In Australia, this will be a long weekend, as Monday is Australia Day, the celebration of the arrival of the First Fleet in 1788, which initiated European settlement of the land Down Under.

In the spirit of that celebration, here is Australia’s legendary Slim Dusty (whom we lost in 2003, sad to say) performing Oz’s “unofficial national anthem” at the closing ceremonies of the 2000 Sydney Olympics. It’s fun to see everyone sing along so enthusiastically. If you watch the video, keep an eye out for a few other Aussie icons.

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Rex, Albert, and Bobby

I’ve posted previously about Aboriginal artist Albert Namatjira and his remarkable, evocative work, and I mention him as well in my book, Waltzing Australia. I had seen his work even before my first trip to Australia, when, in addition to seeing more of his paintings, I also visited some of the sites Namatjira had painted. But I hadn’t encountered any information on how he learned to paint.

Because he too loves the Outback, I follow the blog of Bobby Dazzler, who does a nice job of highlighting iconic elements of the “back o’ beyond.” His most recent post is about Rex Battarbee, the artist who taught Namatjira. I can only imagine how delighted Battarbee must have been to find so gifted a student. Anyway, if you’re interested in Namatjira and would like to read the article, you can find it here: https://dazzlerplus.wordpress.com/2014/12/28/rex-and-albert/

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Reflections on Life, Travel, Work, and Australia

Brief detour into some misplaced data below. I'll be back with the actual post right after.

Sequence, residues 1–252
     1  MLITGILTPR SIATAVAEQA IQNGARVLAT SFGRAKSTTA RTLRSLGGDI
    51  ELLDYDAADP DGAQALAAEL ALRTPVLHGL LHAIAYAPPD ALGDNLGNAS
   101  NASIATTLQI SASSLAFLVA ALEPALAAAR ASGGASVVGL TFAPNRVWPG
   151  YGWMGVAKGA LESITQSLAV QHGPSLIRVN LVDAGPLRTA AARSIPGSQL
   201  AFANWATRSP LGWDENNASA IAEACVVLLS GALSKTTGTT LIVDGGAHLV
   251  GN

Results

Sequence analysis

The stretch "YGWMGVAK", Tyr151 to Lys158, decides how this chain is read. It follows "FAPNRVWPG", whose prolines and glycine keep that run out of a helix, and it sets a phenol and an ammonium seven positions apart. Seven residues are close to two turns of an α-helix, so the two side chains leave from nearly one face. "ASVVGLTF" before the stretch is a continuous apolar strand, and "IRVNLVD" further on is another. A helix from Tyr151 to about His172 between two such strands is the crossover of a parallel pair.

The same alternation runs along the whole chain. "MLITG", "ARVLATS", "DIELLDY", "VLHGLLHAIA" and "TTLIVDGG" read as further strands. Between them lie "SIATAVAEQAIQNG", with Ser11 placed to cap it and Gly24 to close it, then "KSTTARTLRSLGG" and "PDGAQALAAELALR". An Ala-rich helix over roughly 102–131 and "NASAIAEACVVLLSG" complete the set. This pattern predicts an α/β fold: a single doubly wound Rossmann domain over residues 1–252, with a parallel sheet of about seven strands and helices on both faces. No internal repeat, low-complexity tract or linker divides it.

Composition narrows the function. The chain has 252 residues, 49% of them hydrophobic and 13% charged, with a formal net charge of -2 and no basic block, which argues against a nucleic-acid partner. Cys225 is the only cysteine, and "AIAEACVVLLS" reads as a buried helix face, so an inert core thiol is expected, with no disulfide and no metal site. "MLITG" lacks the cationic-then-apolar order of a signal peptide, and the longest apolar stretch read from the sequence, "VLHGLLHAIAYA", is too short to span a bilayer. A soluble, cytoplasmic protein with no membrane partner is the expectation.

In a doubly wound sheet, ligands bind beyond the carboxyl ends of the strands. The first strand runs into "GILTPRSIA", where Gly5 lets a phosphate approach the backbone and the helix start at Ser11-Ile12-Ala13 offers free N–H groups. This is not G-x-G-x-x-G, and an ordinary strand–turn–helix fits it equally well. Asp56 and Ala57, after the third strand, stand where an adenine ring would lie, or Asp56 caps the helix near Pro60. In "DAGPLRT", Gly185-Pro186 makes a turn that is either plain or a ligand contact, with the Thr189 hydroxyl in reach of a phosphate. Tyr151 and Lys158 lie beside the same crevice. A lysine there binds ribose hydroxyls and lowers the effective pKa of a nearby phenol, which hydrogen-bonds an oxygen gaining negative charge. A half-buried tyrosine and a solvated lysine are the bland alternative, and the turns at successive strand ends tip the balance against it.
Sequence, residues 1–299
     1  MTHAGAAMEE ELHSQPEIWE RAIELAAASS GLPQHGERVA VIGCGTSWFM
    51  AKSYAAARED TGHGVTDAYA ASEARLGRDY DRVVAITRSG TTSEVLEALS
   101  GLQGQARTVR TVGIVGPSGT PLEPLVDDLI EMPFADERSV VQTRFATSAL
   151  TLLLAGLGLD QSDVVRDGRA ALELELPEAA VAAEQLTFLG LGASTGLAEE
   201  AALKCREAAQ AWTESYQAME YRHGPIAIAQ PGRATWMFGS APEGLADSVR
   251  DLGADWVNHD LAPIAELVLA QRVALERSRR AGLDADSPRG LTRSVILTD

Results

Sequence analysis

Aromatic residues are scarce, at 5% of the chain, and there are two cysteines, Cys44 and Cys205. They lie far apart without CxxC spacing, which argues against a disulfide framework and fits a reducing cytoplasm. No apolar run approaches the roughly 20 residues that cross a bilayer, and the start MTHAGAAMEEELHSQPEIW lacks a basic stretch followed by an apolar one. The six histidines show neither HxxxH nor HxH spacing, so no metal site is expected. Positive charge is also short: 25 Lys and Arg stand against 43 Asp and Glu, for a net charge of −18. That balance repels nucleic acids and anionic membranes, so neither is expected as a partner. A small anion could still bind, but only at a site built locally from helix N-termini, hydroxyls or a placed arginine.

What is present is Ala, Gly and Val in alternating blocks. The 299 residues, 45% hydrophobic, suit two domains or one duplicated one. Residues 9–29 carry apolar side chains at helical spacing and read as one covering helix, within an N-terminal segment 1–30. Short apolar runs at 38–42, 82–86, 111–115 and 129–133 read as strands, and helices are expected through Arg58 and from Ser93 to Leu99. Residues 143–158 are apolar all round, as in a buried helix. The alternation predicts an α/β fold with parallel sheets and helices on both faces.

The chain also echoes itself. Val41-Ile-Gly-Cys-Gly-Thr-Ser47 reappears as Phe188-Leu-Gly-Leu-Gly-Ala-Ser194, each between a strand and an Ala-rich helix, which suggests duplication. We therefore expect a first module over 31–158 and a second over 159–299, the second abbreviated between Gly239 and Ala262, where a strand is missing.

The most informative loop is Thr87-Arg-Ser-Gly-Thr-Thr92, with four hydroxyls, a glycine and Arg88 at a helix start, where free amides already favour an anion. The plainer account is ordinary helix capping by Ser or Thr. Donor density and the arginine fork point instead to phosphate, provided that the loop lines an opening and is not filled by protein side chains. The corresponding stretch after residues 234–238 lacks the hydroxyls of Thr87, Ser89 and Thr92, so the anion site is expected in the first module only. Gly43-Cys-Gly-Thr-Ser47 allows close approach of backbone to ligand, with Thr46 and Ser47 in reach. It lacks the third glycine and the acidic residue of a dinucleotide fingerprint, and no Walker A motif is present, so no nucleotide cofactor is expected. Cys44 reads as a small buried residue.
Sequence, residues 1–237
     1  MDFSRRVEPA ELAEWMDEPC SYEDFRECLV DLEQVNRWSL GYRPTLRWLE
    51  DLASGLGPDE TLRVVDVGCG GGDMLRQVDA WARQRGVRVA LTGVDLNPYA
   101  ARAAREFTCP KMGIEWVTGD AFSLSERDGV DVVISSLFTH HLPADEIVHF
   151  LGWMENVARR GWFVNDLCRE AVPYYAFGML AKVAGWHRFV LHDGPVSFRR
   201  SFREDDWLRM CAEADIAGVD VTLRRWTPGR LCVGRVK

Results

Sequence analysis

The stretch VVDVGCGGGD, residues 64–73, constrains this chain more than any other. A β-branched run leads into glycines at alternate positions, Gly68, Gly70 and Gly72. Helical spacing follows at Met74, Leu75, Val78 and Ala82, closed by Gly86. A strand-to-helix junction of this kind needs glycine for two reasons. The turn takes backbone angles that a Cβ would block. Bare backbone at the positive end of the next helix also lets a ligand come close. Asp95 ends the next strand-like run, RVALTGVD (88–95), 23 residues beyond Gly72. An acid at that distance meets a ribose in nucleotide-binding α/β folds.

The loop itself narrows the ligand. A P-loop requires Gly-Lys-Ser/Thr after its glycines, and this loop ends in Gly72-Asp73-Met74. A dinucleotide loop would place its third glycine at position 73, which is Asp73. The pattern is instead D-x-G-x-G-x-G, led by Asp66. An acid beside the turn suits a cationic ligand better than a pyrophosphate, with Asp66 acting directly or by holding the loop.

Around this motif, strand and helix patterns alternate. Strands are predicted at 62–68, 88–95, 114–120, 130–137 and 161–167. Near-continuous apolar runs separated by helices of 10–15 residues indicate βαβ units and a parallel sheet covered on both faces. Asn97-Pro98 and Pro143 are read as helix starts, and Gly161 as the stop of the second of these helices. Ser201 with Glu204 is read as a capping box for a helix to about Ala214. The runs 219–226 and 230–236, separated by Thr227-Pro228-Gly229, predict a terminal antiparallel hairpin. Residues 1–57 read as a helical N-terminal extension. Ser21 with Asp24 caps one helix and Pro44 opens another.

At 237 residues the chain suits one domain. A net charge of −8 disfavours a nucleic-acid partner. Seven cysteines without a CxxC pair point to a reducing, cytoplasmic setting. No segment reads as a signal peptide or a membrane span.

I feel I should mention that, despite the sadness expressed at leaving Australia, I have, since my first trip Down Under, created a fulfilling life focused on things I love: writing, sharing, history, food, culture, travel. I’ve been to dozens of other places (see my The World’s Fare blog for some non-Aussie travel tales), and I’ve had an additional two trips to Australia (which I’ll be sharing here). I had some amazing experiences on those trips.

But home is not bad, either. Like most people who are self-employed, I work harder for less money than many in the corporate world, but I’ve had the joy of being able to pick work that I find rewarding. I feel as though I’m living my favorite Teddy Roosevelt quote: “Far and away the best prize that life has to offer is the chance to work hard at work worth doing.” (I have become insanely frugal, however, which allows me to live better on less money than many people do who earn far more than I do.)

While I’ve written books (including, of course, Waltzing Australia) and hundreds of magazine articles, a large part of my writing has been in the realm of education: history, geography, and language arts. I’ve worked for every major educational publisher in the U.S., including the Colonial Williamsburg Foundation and National Geographic Learning. Sharing what I’ve learned in my travels and research is always a joy. I’ve even gotten to write student readers on topics related to Australia (one of the Great Barrier Reef, one on the platypus, and a couple on Captain James Cook).